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Getting Ducked

In 1634, Joan Butler of Accomack County was charged and convicted of calling Marie Drew a “common Carted hoare.” When given the choice in punishments she chose to be dragged behind a boat over repenting in front of the congregation. Punishments like this continued for women until the early 1800s.

Women that were considered disorderly or “scolds” (they complained or nagged husbands or other males too much) were commonly punished using the “ducking stool.” Similar to the cucking stool that was used for men and women, the ducking stool took a more extreme measure, primarily used for women only. The point was to humiliate them into submission and quietness by submerging them in water. Jenny Pipes, one of the last to be ducked in 1809, found herself in this situation after talking bad about her husband one too many times. In her case, it didn’t quiet her but caused her to unleash “oaths and curses on the magistrates.”

The term “ducking stool” was first used in England in 1597 but was commonly used in Scotland and the English colonies in America as well. The ducking stool typically consisted of a iron or wooden chair with a iron band that went around the woman’s waist to keep her in. Some ducking stools consisted of wheels so the offending woman could be paraded through town on her way to the closest pond or river. Others were permanently built at the water’s edge. Once at the body of water the chair was attached to a wooden beam and lowered into the water. The offending woman would be dunked under water a couple times until she was willing to quiet down. Unfortunately, for some the dunking could prove fatal.

Why was this form of punishment used when whipping posts and stocks were common for many other crimes? I think Richard Starke in The Office and Authority of a Justice of Peace explains it quiet well:

“The punishment of a common Scold generally affords much merriment and seems to well adapted to the Evil it is intended to prevent. A Woman convicted of this Offence [sic] is sentenced to be placed in a certain Engine of correction, vulgarly called a Ducking Stool, and sunk in the Water two or three TImes, until the Edge of her Fury is somewhat abated. Immersion seems best to suit this Offence, because it is thought by some that there is nothing which can stop the Mouth of a babbling Woman but the being put into that Medium, wherein her Tongue is totally deprived of the Power of Speech.”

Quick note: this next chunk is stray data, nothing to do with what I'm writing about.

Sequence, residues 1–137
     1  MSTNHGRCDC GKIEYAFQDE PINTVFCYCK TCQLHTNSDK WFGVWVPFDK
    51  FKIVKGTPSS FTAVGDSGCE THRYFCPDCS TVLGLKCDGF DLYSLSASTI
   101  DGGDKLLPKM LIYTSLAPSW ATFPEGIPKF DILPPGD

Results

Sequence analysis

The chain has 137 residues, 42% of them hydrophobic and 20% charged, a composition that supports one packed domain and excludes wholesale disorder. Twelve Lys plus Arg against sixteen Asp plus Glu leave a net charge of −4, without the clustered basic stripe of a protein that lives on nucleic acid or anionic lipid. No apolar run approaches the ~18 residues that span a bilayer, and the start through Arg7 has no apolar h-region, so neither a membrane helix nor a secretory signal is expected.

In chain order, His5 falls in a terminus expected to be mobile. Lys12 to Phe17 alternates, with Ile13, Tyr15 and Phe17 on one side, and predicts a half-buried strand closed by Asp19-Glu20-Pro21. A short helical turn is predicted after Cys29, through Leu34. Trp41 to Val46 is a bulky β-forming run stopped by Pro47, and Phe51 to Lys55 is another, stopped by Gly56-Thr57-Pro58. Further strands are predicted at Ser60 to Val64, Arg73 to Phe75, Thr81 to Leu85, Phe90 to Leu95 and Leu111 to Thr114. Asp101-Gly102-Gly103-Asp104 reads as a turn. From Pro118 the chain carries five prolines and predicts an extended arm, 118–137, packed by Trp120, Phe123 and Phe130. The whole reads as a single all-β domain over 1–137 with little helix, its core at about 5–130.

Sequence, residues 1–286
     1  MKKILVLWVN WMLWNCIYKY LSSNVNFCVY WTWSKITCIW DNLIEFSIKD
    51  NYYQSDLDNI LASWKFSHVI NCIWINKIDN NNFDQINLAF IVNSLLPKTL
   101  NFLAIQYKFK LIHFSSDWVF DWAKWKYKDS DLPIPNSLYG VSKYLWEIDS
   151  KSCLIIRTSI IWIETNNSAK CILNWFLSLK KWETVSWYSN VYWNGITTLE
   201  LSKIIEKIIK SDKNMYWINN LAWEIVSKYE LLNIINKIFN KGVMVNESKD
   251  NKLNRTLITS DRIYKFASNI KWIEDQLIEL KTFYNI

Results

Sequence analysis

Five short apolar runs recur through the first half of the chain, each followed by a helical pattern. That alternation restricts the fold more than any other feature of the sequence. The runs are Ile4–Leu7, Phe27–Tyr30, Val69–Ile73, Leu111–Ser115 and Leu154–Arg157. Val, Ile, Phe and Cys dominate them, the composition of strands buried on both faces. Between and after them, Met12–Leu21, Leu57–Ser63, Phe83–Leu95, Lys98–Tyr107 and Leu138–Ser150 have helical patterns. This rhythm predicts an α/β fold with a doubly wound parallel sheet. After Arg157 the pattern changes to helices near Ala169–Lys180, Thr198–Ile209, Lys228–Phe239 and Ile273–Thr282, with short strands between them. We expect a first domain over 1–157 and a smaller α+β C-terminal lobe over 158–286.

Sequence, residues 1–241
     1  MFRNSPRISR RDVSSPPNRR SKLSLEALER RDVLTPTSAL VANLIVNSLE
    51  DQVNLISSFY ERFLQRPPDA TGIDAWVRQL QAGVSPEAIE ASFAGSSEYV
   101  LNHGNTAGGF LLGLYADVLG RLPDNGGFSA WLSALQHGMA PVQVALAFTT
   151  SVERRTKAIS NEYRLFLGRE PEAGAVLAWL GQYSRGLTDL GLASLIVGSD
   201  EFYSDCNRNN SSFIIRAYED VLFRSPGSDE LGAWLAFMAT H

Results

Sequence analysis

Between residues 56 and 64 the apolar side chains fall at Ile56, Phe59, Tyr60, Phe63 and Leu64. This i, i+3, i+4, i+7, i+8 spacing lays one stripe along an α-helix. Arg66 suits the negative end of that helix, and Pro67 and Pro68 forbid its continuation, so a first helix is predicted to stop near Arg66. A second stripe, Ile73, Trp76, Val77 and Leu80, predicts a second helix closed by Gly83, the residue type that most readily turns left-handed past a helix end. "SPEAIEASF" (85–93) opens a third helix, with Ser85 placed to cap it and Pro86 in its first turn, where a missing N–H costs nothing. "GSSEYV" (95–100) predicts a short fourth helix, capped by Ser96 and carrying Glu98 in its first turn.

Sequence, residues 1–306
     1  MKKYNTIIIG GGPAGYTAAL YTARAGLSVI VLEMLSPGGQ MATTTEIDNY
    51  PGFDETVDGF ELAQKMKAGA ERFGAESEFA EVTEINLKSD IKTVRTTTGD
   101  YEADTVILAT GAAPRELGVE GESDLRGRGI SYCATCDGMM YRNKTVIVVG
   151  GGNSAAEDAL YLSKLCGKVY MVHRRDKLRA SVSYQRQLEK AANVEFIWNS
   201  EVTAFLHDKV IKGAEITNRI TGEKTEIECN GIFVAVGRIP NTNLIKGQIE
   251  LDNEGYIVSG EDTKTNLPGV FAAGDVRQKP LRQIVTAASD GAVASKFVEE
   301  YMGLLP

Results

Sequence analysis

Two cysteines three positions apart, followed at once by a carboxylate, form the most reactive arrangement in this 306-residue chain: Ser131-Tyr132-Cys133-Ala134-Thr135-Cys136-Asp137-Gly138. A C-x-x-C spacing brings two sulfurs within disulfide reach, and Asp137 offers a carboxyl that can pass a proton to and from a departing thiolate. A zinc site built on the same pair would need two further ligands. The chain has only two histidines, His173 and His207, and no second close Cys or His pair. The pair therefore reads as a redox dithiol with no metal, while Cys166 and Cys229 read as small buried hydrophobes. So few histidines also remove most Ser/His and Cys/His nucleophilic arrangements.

In colonial Virginia in 1661, ducking stools were required by law in every county, as well as pillories, whipping posts, and stocks. While slander would send a woman to the ducking stool, sexual crimes would send them to the whipping posts. By 1691 Virginia law recognized these as crimes against God and could lead to a punishment of 30 lashes on the bare back. A woman who commited the crime of miscegenation (sexual or romantic relationship between races) would face whipping, fines, and additional years of service for indentured servants. Regardless of where, ducking, along with other punishments was a public spectacle and done in the hopes of deterring other people from doing the same thing. Why were punishments at this time so well-loved by crowds in society? Well that’s a question for another day.

But why such a punishment targeted only towards women? This question requires a quick look at gender norms during this time. In the 16th century, English common law and worldview did not see women as of the “fairer sex.” In some cases women were considered monsters because of their gossipy and dishonest nature (insert eye-roll here) and it wasn’t until the Enlightenment that women were seen as people. Sorry, let me correct that… financially well-off white women were seen as people. Poor and black women still fell under the monster category and as such received the biggest brunt of violent punishments and a lack of laws protecting them.

What’s left out of the record gives us insight into the view of women at this time as well. There are very few records in existence about the women who received punishment via the ducking stool. Who they were, their status in society, their crime. Instead we have plenty of records kept on the ducking stools and their upkeep and repair. Considering men ususally were the recordkeepers for society at this time it is hardly surprising they focused on the means of punishment instead of those they punished.

A note on witchcraft: It is believed that ducking stools originated as a way to expose a witch. This changed to another method: the accused witch’s right thumb was tied to her left big toe and she was tossed into the water. If she floated she was deemed a witch but if she sunk she was innocent… and dead. The ducking stool went on to be used for other various accusations instead of witchcraft. In the end throwing women in water seems to be the most common form of punishment, regardless of the crime.

You can still see these ducking stools on display in Leominster Priory, Herefordshire and in Christchurch, Dorset. For a deeper reading on punishments and the ducking stool, read this article from the Smithsonian Magazine.

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Cinco de Mayo

cnn.com

Tacos, margaritas, and shots of tequila… I love a good holiday centered around good food and drinks. But I also love exploring the history of various holidays, Cinco de Mayo included. While we celebrate today, let’s take a moment to dig into the history of this holiday and why it’s celebrated.

Cinco de Mayo is not Mexican Independence Day, a common misconception. It is known as the Battle of Puebla where the Mexican army beat the French during the Franco-Mexican war. Franco-Mexican War?! I know, I never learned about it either. In Mexico, Cinco de Mayo is a minor holiday but here in the US it has evolved into a much larger celebration.

In 1861, Mexico was facing financial hardships after years of internal issues and a Civil War and their new president, Benito Juarez, had to make the decision to default on debts that were owed to multiple European governments.